WASHINGTON, D.C. ( WUSA ) - On the 44th anniversary of the assassination of Dr. Martin Luther King, Jr. in Memphis, a small group of demonstrators gathered near his memorial on the National Mall to argue it is time for the government to release sealed records about both his death and his life.
The records were ordered sealed in the 1970s by the House Select Committee on Assassinations, which explored political assassinations.
"There are also federal agency files, state and local files, and police files, and court-sealed files, and even some international files that we think it would be important to be released on the life and death of Dr. King," said John Judge, who runs the Coalition On Political Assassinations.
Judge believes the government has things to hide, and believes James Earl Ray, the man convicted of the assassination did not fire the fatal shot.
"I think, no question, the government played a role in it and, also, the House Select Committee said there was a probable conspiracy, and a civil trial as well as an appeal trial that followed exonerated James Earl Ray and the civil trial pointed to the complicity of the U.S. Government," Judge said.
"I think that it's important to know that the family of Martin Luther King decided that James Earl Ray was not responsible for the death, and that the testing of the rifle in the 90s showed that the fatal bullet did not come from that gun that was supposedly the one used by Ray in the case, and that Ray was exonerated in a civil trial with all the evidence put forward to a jury, and that we need to look further than James Earl Ray to find out what happened to Dr. King.
Members of both the House and the Senate have said they will introduce legislation to expedite the release of the sealed records.
At the King Memorial on Wednesday, some visitors agreed on the need to release the records.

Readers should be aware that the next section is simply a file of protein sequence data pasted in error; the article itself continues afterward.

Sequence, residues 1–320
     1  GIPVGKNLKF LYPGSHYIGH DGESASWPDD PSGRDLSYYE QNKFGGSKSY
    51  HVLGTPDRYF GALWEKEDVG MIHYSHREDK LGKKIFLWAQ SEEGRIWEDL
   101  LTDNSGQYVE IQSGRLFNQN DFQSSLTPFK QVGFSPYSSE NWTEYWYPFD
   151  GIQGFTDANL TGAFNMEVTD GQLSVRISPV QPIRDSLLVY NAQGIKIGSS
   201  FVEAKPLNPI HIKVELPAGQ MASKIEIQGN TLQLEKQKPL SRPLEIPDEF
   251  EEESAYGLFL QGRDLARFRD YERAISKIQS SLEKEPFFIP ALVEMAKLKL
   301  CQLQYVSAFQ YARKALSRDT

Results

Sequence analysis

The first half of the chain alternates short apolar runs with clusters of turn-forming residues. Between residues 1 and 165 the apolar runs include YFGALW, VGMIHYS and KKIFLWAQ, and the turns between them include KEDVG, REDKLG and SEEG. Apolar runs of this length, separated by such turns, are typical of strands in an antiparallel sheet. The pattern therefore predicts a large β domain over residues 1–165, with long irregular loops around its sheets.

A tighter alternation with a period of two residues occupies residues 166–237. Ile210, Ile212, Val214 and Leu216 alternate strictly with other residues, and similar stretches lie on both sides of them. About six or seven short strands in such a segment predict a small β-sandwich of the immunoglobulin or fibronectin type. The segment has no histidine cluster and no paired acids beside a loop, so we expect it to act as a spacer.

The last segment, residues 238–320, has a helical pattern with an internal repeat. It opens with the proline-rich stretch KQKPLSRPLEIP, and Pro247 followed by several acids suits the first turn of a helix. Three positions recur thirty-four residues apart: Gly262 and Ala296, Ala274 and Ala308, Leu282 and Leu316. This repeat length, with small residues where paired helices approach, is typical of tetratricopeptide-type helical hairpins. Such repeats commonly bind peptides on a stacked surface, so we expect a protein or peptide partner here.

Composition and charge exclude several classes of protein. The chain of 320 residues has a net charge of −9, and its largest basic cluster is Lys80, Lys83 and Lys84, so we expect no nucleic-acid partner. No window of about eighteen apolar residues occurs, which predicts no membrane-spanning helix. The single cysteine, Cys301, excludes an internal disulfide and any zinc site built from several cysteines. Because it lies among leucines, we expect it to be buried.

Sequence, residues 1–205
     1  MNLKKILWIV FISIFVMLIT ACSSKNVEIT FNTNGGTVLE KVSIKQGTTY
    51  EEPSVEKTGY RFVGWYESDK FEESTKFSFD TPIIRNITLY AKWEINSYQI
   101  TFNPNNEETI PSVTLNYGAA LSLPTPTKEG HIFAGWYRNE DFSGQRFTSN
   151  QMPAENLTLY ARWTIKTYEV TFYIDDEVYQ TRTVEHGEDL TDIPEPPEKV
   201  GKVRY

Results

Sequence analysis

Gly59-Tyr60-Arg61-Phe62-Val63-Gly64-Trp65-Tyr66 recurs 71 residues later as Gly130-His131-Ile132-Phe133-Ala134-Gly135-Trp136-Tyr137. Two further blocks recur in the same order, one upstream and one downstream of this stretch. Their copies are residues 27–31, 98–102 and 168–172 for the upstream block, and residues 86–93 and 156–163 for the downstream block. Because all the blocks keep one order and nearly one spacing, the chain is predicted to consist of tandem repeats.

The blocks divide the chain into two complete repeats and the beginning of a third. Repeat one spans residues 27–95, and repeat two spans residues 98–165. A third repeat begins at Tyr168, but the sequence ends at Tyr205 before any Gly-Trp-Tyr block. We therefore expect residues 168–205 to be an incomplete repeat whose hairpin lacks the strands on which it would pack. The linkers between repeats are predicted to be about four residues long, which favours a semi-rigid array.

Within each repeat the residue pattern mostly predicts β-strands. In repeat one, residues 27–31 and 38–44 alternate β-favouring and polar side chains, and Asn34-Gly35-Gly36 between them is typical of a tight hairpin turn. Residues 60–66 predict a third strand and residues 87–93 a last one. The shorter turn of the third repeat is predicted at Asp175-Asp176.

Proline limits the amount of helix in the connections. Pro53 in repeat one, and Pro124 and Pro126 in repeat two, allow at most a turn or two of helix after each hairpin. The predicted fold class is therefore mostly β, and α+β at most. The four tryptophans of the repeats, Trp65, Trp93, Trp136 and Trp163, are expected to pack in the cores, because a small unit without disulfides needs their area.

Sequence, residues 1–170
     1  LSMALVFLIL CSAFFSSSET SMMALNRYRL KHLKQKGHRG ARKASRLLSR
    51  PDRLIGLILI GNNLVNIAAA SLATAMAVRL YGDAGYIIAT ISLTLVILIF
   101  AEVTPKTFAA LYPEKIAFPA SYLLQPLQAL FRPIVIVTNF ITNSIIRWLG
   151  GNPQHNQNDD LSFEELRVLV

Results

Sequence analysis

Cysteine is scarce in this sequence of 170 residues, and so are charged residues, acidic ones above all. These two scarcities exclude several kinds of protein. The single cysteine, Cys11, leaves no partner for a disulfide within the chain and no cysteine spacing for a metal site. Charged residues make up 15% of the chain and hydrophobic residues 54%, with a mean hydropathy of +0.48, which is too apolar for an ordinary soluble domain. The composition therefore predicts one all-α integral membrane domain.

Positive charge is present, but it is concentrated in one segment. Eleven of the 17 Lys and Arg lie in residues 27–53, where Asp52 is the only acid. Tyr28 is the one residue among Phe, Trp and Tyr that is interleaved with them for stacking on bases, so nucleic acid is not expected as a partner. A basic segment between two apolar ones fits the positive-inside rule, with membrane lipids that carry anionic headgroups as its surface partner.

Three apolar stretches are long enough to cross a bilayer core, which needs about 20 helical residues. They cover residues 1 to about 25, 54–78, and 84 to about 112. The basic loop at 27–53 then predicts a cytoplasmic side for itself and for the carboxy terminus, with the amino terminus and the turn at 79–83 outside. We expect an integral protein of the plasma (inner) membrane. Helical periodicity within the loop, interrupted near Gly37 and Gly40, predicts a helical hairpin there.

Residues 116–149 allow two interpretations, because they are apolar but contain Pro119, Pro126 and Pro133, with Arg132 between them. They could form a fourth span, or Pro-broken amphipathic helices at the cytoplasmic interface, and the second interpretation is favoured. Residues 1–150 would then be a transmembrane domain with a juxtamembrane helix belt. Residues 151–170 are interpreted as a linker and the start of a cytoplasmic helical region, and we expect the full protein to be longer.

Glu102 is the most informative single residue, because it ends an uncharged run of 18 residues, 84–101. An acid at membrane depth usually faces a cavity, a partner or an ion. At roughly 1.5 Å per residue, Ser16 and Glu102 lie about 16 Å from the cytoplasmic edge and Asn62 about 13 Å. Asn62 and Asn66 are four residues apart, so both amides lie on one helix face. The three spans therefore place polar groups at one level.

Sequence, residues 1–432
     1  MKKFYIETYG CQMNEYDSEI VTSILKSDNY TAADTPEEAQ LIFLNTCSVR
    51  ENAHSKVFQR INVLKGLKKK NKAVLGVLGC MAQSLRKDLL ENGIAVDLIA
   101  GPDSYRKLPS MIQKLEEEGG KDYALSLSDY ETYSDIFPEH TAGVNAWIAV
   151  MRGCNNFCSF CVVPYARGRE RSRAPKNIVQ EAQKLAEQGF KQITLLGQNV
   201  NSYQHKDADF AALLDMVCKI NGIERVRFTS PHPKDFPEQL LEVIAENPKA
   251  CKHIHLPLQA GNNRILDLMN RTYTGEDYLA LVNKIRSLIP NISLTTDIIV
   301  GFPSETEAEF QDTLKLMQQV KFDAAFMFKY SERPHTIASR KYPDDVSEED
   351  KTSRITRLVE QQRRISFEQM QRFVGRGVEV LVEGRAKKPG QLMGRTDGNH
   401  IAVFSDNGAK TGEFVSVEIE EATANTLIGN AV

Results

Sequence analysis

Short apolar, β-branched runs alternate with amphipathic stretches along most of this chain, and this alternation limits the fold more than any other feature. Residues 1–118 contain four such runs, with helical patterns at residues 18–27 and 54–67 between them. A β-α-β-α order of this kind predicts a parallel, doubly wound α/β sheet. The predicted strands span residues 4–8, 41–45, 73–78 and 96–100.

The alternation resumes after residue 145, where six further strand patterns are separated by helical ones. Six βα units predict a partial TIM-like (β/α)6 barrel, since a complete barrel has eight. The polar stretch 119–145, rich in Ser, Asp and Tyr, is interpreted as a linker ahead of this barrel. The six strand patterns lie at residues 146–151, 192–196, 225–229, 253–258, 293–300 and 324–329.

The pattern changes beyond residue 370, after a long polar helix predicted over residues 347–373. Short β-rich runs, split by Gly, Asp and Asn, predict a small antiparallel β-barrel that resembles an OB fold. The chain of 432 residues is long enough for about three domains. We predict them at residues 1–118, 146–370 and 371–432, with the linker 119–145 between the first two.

"I believe all full records should be released because it's time for the American People, for generations past, forerunners before I even was here, have been looking for this for over 40-something years because we've always believed there has been some kind of conspiracy that contributed to his death, and it's time for a full record of all things pertaining to his life," said Larry Williams.
"I think all records should be opened. It's the public's stuff, we should be able to see it. If there is nothing in there, let's see it...let's see what it is and let us make up our own mind. We're intelligent people," said John Winecker who was visiting from his North Carolina home.
"I think that it's something that the public should be aware of. I mean, for the longest time now we've all been interested in knowing exactly what happened when the assassination happened to Martin Luther King, so for us to be in the know would be a great thing," said Frank McDuffie of Washington, DC.
Judge says the release of similar records concerning President Kennedy had a big impact on public understanding.
"When the records were released they rewrote the history of the Bay of Pigs.
They rewrote the history of the Cuban Missile Crisis. They rewrote the history of the assassination, itself.
"And, I think, even if they ( the King documents ) show us no smoking gun, we should own our own history. And, I think, it's important for us to take that history back from the national security state and know what the government was doing and what it was thinking about Dr. King," Judge said.